It’s also important to know that you won’t start receiving your State Pension automatically. In fact, you need to apply for it. Find out how at

Do you have enough money for retirement?

If you have done all of the above and found, to your horror, that you only have enough money saved up to live on baked beans rather than smoked salmon, don’t panic. There are a few things you can do to improve that situation.

Contribute more to your company pension fund

You may notice money coming out of your salary every month for your pension, but do you know what percentage of your wages that actually represents? If it’s low, like 5% or 7% of your salary, could you afford to sacrifice more now to help pay for your future?

If you work for yourself, do the same with your personal pension. Admittedly you don’t get the benefit of extra contributions from your employer there, which people on PAYE get, but it will still help to grow your pot.

Add to your other investments

As well as putting more into your pension (or instead of that) could you put more into ISAs? If so, aim for stocks and shares ISAs rather than cash ISAs as they tend to do better over the long term.

Use your bonuses

If you get commission or bonuses in your work, consider using them as a pension-booster.

When you get a bonus or commission payment, ask your employer to use it to make a one-off boost to your company pension.

Pick up a side earner

A lot of people who are facing a shortfall in their pension savings take on a side hustle and earmark the money they make from that to boost their retirement income.

There are hundreds of different ways to make extra cash in your spare time, depending on your skills, geography and time constraints. It could be baking cakes to sell at car boot sales and markets, doing some dog walking in your area, tutoring local kids or those online, helping people with their computers and much more.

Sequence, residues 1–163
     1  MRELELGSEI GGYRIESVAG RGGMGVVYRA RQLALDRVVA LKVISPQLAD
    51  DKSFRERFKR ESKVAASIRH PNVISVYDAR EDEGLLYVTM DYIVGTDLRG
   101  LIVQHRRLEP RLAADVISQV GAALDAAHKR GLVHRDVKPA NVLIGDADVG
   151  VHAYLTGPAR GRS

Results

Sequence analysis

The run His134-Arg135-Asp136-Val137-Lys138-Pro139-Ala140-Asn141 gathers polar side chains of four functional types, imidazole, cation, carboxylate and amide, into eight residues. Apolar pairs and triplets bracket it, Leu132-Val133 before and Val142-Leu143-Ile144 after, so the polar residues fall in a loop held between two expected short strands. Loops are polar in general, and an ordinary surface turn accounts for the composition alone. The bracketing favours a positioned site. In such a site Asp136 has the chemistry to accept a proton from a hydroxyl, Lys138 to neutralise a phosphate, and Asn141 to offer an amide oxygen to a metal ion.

Put off retirement

There’s no law that says you have to retire by 66. If you don’t have enough money to give yourself a good income going forward, you can legally continue to work.

You could even stagger your retirement – if your employer allows you – by going part-time for a while. Or, if that isn’t possible, look at the side earners mentioned above and use one of those to supplement your income while you’re actually retired.

Many studies have found that people who work in retirement are healthier and live longer than those who don’t, so it’s not such a bad thing to be forced to work anyway.

Useful resources in a new tab) – the Government’s information site which has a whole section on pensions and retirement

Pension Wise(opens in a new tab) – a service from MoneyHelper, the free advisory service for people over 50 wondering about retirement in a new tab) – information and reports about pensions and retirement in a new tab) – full of useful information about pensions and retirement

MoneyHelper(opens in a new tab) – the easy way to get free help for all your money and pension choices

Jasmine Birtles is founder of the self-help money and consumer website in a new tab)

The thoughts and opinions expressed in the page are those of the authors, intended to be informative, and do not necessarily reflect the official policy or position of SunLife. See our Terms of Use for more info.